M (1931)

Well I liked this movie before we even saw simply because I like a lot of things German.  But I did like the film for what it is.  There were many little things that made the movie cool.

The first thing I noticed was the use of off-screen sound.  An example would be in the beginning of the film when the little girl is going home from school and she is about to cross the street and you hear the sound of a bus coming.  It may have been nothing to worry about but I thought for some reason the bus was going to hit her.  I don’t know, it was just loud and sounded like it was right next to her.  Now that I think about it, of course she wasn’t going to be hit, the movie is a about a murderer not a bus accident.  The other use of off-screen sound I can think about was when the newspaper guy was saying “Extra! Extra!” while the screen was black.  By the way, the screen went black after the image of the now murdered little girl balloon was tangled in the wires.  Maybe they had sound with a black screen to add more drama to her death.  It was like saying after death of an innocent child comes nothing but darkness but when he hear the newspaper guy its like ok we are done mourning now lets move on.

Another thing I noticed was the lack of background music in the movie.  Maybe its just me but it felt quiet most of the time.  In movies today there seems to be a lot of background music (even if its just a low low low volume) while people are having a regular conversation even.

The murder scene of the girl i spoke about earlier was interesting because they never showed the actual murder, just her ball rolling on the ground slightly and the balloon in the wire.  I’m sure that people think not showing the murder and replacing it with those objects was a creepier way of doing things because its lets you imagine what happened to her but it would have been as equally creepy or even creepier if they showed the murder.  But then again, I don’t know if I would be able to stomach seeing a gruesome murder of a child.

One thing that definitely stood out to me and probably to most of you was the whistling.  Every time there was whistling it meant that the murderer was near.  I thought that was a clever way of signaling us that.  It was also strange because the whistling could be seen as both diegetic and non-diegetic sound (and no I’m not trying to use fancy college words, I just really saw it as that). Diegetic because I think one time the murderer heard the whistling plus the person who is doing the whistling is in the movie. Non-Diegetic because it doesn’t seem like anyone else in the film have/would have heard it even if they were near the whistler. Its like the whistle was specifically for our and the murders ears.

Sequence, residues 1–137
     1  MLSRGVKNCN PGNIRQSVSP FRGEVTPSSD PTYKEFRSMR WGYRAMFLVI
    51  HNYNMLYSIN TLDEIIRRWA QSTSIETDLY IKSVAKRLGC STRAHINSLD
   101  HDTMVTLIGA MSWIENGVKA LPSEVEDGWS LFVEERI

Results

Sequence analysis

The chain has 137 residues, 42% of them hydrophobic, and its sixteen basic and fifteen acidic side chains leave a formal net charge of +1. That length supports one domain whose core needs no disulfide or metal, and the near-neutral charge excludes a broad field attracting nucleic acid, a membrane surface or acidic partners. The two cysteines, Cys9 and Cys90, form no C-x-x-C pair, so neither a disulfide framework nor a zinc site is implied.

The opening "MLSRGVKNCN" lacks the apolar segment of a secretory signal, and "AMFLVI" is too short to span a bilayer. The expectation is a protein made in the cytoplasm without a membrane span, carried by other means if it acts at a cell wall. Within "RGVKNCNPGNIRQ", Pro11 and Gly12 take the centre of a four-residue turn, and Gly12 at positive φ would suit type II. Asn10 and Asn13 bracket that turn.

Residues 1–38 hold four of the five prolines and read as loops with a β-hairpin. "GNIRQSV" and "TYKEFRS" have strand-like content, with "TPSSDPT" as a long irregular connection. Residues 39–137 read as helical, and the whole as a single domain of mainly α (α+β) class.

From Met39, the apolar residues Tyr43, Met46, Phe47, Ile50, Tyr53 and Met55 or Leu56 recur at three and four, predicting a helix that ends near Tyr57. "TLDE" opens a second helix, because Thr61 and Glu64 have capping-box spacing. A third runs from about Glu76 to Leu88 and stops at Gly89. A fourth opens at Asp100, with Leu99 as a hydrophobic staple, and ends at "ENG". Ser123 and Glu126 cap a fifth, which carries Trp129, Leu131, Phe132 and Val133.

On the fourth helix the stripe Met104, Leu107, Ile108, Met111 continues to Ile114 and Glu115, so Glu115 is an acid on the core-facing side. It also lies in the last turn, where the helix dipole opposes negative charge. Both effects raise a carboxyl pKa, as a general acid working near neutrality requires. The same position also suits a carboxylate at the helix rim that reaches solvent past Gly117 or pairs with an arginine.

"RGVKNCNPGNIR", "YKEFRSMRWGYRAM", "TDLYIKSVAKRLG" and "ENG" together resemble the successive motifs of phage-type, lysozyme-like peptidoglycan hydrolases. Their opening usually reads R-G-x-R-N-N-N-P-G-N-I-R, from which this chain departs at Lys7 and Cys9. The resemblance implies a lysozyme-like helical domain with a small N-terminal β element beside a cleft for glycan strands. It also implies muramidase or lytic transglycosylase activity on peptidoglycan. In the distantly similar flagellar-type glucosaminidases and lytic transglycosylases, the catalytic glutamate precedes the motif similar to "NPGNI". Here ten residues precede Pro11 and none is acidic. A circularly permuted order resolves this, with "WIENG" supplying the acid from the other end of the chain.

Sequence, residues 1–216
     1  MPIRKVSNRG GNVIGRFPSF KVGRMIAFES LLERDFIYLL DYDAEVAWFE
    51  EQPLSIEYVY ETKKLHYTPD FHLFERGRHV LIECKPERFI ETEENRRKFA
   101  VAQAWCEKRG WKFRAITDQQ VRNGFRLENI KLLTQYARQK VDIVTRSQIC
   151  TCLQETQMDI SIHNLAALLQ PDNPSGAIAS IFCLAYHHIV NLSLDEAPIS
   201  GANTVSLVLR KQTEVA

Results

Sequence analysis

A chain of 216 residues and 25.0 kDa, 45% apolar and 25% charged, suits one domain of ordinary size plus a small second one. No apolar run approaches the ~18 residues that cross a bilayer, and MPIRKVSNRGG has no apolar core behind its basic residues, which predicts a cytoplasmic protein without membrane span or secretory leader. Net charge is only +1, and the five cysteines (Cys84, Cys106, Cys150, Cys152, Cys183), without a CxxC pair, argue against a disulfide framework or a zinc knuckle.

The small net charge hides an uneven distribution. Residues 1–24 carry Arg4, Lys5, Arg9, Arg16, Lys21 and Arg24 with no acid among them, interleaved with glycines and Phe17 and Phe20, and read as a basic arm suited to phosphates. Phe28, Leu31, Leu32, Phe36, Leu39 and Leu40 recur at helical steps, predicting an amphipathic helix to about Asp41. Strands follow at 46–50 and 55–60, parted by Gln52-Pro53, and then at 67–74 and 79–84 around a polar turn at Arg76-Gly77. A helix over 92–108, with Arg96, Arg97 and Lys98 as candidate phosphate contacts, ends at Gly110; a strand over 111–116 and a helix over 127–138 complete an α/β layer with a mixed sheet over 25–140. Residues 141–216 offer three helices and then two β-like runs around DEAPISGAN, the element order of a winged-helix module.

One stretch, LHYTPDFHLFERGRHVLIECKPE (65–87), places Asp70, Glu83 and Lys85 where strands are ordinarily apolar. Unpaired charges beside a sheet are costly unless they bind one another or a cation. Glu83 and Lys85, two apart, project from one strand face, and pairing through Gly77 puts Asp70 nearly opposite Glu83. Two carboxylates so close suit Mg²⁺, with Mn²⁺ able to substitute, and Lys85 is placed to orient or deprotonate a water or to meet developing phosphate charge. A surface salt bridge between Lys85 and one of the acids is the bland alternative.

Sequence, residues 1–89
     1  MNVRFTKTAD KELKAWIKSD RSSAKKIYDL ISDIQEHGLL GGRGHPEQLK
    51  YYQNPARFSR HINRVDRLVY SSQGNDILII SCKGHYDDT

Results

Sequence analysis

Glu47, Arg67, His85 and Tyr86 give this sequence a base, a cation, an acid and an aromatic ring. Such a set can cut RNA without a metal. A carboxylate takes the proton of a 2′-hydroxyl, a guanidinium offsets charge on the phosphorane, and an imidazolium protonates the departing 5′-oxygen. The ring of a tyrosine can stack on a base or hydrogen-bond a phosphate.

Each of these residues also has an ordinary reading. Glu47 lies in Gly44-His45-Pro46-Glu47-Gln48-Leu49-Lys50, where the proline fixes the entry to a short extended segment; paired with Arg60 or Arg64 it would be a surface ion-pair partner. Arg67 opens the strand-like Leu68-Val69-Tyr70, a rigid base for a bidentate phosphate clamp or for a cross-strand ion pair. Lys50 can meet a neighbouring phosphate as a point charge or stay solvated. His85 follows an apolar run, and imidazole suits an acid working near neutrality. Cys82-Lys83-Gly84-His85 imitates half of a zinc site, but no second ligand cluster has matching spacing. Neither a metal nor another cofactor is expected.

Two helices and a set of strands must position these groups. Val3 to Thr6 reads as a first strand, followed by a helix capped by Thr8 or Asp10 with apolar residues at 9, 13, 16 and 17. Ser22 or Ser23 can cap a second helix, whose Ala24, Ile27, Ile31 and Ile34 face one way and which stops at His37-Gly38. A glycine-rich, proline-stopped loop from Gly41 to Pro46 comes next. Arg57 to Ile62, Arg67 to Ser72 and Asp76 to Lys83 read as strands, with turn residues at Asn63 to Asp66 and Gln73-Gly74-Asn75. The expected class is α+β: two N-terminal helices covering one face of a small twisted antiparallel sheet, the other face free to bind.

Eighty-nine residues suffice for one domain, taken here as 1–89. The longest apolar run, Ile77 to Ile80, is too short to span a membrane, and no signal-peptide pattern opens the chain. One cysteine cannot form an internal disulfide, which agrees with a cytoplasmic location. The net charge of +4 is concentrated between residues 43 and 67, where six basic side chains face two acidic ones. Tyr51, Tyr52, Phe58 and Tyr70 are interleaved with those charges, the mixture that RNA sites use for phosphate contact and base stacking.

Oh now that I think about it, the best use of off-screen sound was at the end when the police came into the mock trial area.  You heard the police but only saw the “mob” raise their hands.  That was definitely cool and made that scene more entertaining because you see the crowds surprised facial expressions.

P.S. Did anyone else notice that unwanted crotch shot of inspector Lohmann while he was sitting at his desk?  What was Lang thinking? Ew.

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Posted by cjenkins   @   17 September 2010

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Sep 20, 2010
5:37 pm
#1 itsumoyume :

Oh! Shoot, I totally forgot about the “crotch” shot. I’m not sure if it was a useless shot though. In my perspective that shot was quite useful in a way to show athority. It showed us that Lohmann was a huge guy in the department [yes this is to be taken as a pun] and that in the office he has a very relaxed attitude. Outside of the office he may seem like he’s hard working and focused, but inside the office it’s as if he’s taking his time. He isn’t in a rush about the murderer at all. He’s eased into his chair, shoes off and just taking it easy. And in the position the camera was in, it showed that while taking it easy he had power, authority. [Makes me…dislike him…]

Oct 11, 2010
9:04 pm

The murder scene with the child was done exceptionally well. Especially since imagination nearly always out-does reality. Its like the common case of expectation vs. reality. The modern viewer like ourselves may be anticipating a gruesome murder scene, but in 1930’s cinema a child murder would have been an appalling image. Thankfully Lang spared us on the details.

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